Dealing with the Death of a Hoarder | Guest Post

dealing with the death of a hoarder

Many of us are familiar with hoarding. Whether we know someone in our own family or it is something we have viewed on TV, hoarding affects as many as 19 million Americans. It is more common in older Americans and in males vs females. Losing someone with the disorder adds extra load to tackle, both physically (with the cleaning and organizing that becomes necessary) and then of course mentally,  though modern technology does help. Dealing with the mountain of items left behind can be a big task, which is why we are going to go through it step by step.



Many times, though loved ones will not be emotionally ready to deal with a hoard, it will be necessary to start right away. Liquidating assets, such as the home itself, may be required financially. The important thing to note here is that there are going to be more things than you originally expected. Even if you knew that your deceased loved one was a hoarder, and you know that they have accumulated a lot of items, expect more. That way the actual amount of stuff that you have to deal with won’t catch you off guard.


Get Help

Getting your family to help you is vital if your deceased loved one was a hoarder. Trust us when we tell you that if your deceased loved one was a hoarder, you cannot get rid of their stuff on your own. So, the best thing to do is to call someone to help you out. Ideally, this should be a close relative that had a close connection to the deceased person. They will be able to help you sort out family memorabilia and other valuable items from the tons of junk that fills the deceased’s home. Furthermore, if there are seniors that need your help with coping, you’d be smart to have a capable family member by your side.



After that, you will need to get some supplies. Know that you will probably have to throw some stuff out, donate others and even keep some in storage. And in order to tackle each of those properly, you will need to get the right packing supplies and safety equipment. Among the things you will have to get are:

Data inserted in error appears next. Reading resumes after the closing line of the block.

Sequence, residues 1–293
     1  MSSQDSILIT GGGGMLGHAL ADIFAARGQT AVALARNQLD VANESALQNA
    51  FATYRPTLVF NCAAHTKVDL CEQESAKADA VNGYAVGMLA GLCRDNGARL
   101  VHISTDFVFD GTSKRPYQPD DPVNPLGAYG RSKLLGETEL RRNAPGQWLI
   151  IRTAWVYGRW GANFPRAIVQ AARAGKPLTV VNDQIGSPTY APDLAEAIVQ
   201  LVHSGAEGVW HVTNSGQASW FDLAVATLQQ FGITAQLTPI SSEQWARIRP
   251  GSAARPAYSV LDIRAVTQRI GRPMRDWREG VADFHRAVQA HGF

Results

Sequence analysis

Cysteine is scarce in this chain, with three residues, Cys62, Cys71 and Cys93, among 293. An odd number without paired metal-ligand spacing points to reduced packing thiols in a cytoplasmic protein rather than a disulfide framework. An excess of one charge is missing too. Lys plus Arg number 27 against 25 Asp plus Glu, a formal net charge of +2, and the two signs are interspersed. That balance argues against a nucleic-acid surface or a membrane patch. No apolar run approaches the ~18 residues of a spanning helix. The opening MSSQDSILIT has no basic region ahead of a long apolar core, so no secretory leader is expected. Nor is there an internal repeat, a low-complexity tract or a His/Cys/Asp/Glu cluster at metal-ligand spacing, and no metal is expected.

• Work gloves and boots – A hoarder’s home can be surprisingly hazardous, especially if you are not familiar with it. So, the first and most important thing to get is work gloves and boots.
  • Boxes and bags – Get a ton of garbage bags. The larger and stronger they are, the easier it will be to deal with the mountain of trash that has piled up. For items that you will keep or donate, you should get boxes.
  • Plastic bins – If you plan on storing items for a longer period, plastic bins can be a great alternative to cardboard boxes. Especially if you also plan to move somewhere far away with the items.


So, you’ve entered the home of your deceased loved one and are stunned by the amount of stuff that they have. Well, in order to dispose of this seemingly endless pile of items properly, there are certain steps that you need to take.

Sort Items

The first thing to do is to sort the items. This is especially important to do if there is important legal paperwork that you need to find or contracts that you need to stop. There are multiple ways you can do this, but in essence, three groups will be more than enough:

  1. The garbage – the items that you will throw away
  2. The items you plan to donate or sell
  3. And the items you plan on keeping

In our experience, the first group will be the largest and the most difficult to deal with. You can even rent a portable garbage container to make throwing away easier. We wouldn’t advise simply piling up the garbage next to the local garbage container as you might run into trouble with the city.

 Donating and Selling

Before donating any items, you should first contact local charity organizations. They will outline which items to donate and how to donate them. This will make the whole ordeal much simpler and you might even get tax benefits. Selling, on the other hand, can be a bit trickier. Depending on how many items there are, you might have to organize multiple garage sales in order to get rid of them all. Just keep in mind that your goal is not to make a lot of money but to get rid of all the stuff. So don’t be too greedy when it comes to setting the price.

Keeping Items

If your deceased loved one was a hoarder, they will probably have a surprising amount of family memorabilia that you will want to hold on to. These items can take you on an emotional ride as they will invoke memories and feelings long forgotten. But, this is precisely why you should have a family member helping you out.

Here is some additional information and resources:

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Author: Holly Pennington is a professional content writer that is mostly focused on moving and household management. She’s worked with companies like for over 15 years, helping people deal with a household relocation. Seiter Law makes no